This sequel to Alice's Adventures in Wonderland sees the young protagonist, Alice, embarking on another whimsical journey after stepping through a looking glass. In this mirror-image world, Alice encounters talking flowers, living chess pieces, and a variety of eccentric characters, including Tweedledee and Tweedledum, the Red Queen, and Humpty Dumpty. The narrative is structured around a game of chess, with Alice striving to become a queen. The book is filled with clever wordplay, riddles, and fantastical elements, reflecting the author's unique take on logic and language.

    The 405th Greatest Book of All Time
  • Rebecca by Daphne du Maurier

    A young woman marries a wealthy widower and moves into his large English country house. She quickly realizes that the memory of her husband's first wife, Rebecca, haunts every corner of the estate. The housekeeper's obsessive devotion to Rebecca and the mysterious circumstances of her death continue to overshadow the second wife's attempts to make a happy life with her husband. As secrets about Rebecca's life and death are revealed, the new wife must grapple with her own identity and place within the household.

    The 57th Greatest Book of All Time
  • Jane Eyre by Charlotte Brontë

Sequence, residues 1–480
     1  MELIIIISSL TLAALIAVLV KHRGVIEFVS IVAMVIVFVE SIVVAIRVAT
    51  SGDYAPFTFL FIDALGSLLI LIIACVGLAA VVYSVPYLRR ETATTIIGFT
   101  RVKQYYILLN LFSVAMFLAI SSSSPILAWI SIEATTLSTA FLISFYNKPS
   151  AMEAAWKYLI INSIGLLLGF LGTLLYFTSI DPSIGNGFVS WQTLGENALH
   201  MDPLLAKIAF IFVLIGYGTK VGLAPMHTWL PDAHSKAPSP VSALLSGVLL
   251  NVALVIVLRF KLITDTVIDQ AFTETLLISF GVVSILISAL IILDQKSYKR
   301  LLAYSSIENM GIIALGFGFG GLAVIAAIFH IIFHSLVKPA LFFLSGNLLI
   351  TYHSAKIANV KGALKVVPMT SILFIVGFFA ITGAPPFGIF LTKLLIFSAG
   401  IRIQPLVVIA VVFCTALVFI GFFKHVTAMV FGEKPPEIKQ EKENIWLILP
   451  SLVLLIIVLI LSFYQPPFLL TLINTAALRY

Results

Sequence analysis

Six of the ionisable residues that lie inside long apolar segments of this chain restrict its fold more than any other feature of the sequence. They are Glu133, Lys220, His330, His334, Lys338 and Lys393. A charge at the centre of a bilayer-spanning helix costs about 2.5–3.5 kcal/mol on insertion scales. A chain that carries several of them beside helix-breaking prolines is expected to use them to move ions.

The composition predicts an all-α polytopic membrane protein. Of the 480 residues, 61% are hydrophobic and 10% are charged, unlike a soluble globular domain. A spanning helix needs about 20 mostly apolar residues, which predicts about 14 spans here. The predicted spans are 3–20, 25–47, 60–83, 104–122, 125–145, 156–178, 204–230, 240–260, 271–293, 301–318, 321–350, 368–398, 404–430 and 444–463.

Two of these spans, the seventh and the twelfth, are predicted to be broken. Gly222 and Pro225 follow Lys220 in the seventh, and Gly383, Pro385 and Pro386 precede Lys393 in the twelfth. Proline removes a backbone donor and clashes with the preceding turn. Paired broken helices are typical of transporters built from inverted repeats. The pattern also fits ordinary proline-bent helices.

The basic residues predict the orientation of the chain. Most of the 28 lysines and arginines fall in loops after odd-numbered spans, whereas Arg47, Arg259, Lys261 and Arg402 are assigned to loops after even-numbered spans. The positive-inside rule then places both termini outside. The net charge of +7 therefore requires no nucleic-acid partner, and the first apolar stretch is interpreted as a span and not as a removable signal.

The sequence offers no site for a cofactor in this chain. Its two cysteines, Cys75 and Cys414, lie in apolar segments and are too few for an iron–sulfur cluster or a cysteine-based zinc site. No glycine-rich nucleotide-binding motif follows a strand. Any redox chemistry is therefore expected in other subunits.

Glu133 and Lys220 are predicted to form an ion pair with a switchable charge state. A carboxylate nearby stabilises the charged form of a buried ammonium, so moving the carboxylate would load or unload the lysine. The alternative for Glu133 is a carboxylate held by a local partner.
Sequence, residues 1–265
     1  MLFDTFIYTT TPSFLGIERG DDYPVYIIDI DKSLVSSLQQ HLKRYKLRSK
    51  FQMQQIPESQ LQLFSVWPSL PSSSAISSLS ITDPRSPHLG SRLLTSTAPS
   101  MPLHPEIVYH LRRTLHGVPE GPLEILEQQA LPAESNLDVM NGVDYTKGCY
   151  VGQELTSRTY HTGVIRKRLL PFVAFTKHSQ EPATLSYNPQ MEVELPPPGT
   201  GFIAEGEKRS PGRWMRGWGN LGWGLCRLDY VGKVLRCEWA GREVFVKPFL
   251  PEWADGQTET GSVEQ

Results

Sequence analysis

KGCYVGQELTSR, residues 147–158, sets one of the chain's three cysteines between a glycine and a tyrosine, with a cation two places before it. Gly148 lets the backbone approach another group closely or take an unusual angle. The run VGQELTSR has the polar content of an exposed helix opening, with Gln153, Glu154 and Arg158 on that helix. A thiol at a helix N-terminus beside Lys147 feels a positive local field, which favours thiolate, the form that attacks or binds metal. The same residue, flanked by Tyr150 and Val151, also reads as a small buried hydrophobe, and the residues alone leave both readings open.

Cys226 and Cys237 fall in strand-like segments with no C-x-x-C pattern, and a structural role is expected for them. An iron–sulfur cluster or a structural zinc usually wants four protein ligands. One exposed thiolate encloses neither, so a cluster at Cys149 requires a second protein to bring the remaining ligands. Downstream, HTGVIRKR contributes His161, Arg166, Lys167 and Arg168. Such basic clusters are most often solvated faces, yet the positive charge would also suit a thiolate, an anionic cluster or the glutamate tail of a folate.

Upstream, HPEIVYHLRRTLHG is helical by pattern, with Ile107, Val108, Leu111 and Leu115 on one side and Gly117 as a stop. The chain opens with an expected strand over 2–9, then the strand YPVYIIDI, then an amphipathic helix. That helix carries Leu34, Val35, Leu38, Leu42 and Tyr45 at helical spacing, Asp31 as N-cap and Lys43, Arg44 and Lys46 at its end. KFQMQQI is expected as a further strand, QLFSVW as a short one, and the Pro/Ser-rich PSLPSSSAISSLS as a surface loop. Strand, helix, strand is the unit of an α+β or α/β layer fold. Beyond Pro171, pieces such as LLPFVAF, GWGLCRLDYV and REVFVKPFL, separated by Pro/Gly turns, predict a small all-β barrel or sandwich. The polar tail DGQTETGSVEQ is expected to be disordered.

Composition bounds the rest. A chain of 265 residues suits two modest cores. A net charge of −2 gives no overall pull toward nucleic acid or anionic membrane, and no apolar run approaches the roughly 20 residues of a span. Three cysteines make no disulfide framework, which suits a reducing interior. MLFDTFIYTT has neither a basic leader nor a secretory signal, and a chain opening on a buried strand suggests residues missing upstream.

The novel follows the life of Jane Eyre, an orphan who is mistreated by her relatives and sent to a charity school. As she grows up, Jane becomes a governess at Thornfield Hall, where she falls in love with the brooding and mysterious Mr. Rochester. However, she soon learns of a dark secret in his past that threatens their future together. The story is a profound exploration of a woman's self-discovery and her struggle for independence and love in a rigid Victorian society.

    The 20th Greatest Book of All Time
  • Their Eyes Were Watching God by Zora Neale Hurston

    This novel follows the life of Janie Crawford, a young African-American woman, in the early 20th century. She embarks on a journey through three marriages and self-discovery while challenging the societal norms of her time. The narrative explores her struggle for personal freedom, fulfillment, and identity against the backdrop of racism and gender expectations, ultimately emphasizing the importance of independence and personal growth.

    The 49th Greatest Book of All Time